Saturday, November 21, 2009

The Interest Rate Conundrum

If the economy were truly in recovery, as we have been  told time and time again, market interest rates ought to be MUCH higher.  For example, according to the U.S. Treasury's own website, as of last Friday, 1 month TBills yielded a scant .04%, 3 month TBills .02% and if you entrust the government with your dough for a year, you'll see a "fat" .26%.  If you're willing to tie up your money for 10 years, the yield jumps to a "juicy" 4.03%!

So, one has to wonder why ANYONE would accept so little on Treasuries. My guess is that either people are afraid of yet more bank failures, or the Federal Reserve has become a large clandestine buyer. (As bond prices rise yields go down, therefore significant purchases of bonds would tend to drive yields lower). We know the largest buyer through last year was China but they have stopped buying, and are instead  accumulating  hard assets like Gold. If the Fed indeed is buying Treasuries, it might go a long  way to explain why all attempts to audit the Fed have been blocked despite the support of an overwhelming majority of the House.

To be fair, the United States still carries the highest credit rating, AAA, but so did issuers of mortgage derivatives, who ultimately led the meltdown of 2008. So this rating may not last or be accurate.

The market is telling us that there IS risk to government debt. The financial instrument employed to provide insurance is also known as a Credit Default Swap.  According to Rob Kirby, who writes the fabulous newletter, Kirby Analytics (,  the "cost" of insuring $10MM  of 10 year Treasuries is $25,000.   He further states that this in itself is a fraud, since if the insurance were made good, the proceeds would be in dollars.  Now I ask you, what would a dollar be worth if the U.S. did indeed default?

Normally, one would expect even short term rates to exceed the rate of inflation, which the Bureau of Labor and Statistics claims to be running at about 0% annually, but has turned up markedly from mid-year. By comparison, John Williams, who has a site called Shadow Stats (, puts that figure at 3%.  As you may recall from a prior essay, Mr. Williams computes  key government statistics in the same way as they were calculated prior to a revision in algorithms instituted by the Clinton administration.  His measures reveal a much higher level of inflation: 3% and rising.  With the dollar having fallen so far this year, we KNOW that our imports  are costing on the order of 10% more.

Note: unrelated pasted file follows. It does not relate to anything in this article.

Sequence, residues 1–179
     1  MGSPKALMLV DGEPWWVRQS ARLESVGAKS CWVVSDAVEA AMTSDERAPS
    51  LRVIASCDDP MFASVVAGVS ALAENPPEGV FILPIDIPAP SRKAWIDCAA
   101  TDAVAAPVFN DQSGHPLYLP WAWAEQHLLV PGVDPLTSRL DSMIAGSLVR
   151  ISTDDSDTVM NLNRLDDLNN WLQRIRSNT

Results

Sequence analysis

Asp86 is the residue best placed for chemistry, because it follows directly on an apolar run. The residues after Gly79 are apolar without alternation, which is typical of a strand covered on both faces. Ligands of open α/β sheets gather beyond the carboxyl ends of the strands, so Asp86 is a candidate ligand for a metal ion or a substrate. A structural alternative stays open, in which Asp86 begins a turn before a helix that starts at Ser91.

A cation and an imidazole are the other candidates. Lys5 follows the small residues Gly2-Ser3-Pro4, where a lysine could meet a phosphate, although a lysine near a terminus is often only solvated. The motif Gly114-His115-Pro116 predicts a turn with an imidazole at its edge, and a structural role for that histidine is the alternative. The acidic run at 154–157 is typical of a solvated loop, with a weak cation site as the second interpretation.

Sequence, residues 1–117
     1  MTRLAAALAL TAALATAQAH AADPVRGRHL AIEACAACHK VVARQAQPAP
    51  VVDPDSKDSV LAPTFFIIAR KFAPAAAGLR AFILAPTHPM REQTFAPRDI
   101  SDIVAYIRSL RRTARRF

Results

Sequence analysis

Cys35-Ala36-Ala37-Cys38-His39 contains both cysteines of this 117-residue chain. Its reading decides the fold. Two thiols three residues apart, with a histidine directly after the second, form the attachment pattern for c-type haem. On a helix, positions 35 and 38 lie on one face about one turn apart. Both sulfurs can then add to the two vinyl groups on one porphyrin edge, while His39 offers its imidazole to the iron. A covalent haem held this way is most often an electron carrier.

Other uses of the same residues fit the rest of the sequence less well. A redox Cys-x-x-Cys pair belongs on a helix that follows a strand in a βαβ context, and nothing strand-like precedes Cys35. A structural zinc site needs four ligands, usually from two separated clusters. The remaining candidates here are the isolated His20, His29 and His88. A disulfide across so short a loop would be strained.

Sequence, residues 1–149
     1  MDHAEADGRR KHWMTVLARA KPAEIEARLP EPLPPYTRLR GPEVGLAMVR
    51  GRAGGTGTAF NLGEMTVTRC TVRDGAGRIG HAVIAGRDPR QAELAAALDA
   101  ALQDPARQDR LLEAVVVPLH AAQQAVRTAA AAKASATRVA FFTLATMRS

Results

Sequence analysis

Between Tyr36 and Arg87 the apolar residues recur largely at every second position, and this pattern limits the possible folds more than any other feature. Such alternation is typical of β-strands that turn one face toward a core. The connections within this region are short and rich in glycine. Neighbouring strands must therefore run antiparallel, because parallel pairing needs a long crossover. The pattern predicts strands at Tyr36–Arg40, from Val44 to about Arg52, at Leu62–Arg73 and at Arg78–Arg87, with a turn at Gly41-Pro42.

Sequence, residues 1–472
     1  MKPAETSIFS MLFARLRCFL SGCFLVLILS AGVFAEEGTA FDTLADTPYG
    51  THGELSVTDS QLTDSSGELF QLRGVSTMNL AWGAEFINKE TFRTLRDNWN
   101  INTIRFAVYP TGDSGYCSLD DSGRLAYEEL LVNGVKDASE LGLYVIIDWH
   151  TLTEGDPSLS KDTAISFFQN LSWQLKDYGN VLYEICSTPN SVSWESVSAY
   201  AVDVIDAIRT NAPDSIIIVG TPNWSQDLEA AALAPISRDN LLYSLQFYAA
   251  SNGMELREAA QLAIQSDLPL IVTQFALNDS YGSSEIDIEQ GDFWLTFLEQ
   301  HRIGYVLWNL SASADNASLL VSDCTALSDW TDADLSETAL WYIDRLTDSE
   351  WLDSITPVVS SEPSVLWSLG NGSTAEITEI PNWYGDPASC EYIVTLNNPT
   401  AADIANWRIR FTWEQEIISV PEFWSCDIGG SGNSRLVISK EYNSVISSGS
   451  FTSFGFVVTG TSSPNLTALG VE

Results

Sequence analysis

California's rating was recently cut by Fitch  to BBB, a rating which is barely above junk status. Fitch is a respected credit rating agency.  California has begun to issue "IOUs", whose value is at best, uncertain. The "IOUs" may ultimately turn out  to be "worth"  a  fraction of their face value.

Problems like this are cropping up world-wide. For example, Fitch cut its ratings on Ukraine to B-, a very low quality junk bond rating. And, according to a recent Bloomberg news story, both Japan and Switzerland have fallen off the list of the top ten safest sovereign debtors.  Safest countries include Denmark, Finland, Australia, New Zealand and the United States.  The inclusion of the United States surprises me, especially given its enormous unfunded liabilities like Social Security and Medicare.  In addition, the already enormous budget deficits are projected to rise as far as the eye can see.  But then, who am I to argue with the market?

I hope you enjoy these essays and visit often. I appreciate comments, pro or con, and we cover a variety of topics that are simply too convoluted for just about anyone to understand. But, I'll do my best to clarify these issues. Our growing library includes pieces on Gold, Silver, Taxes, and much more.

Marko's Take


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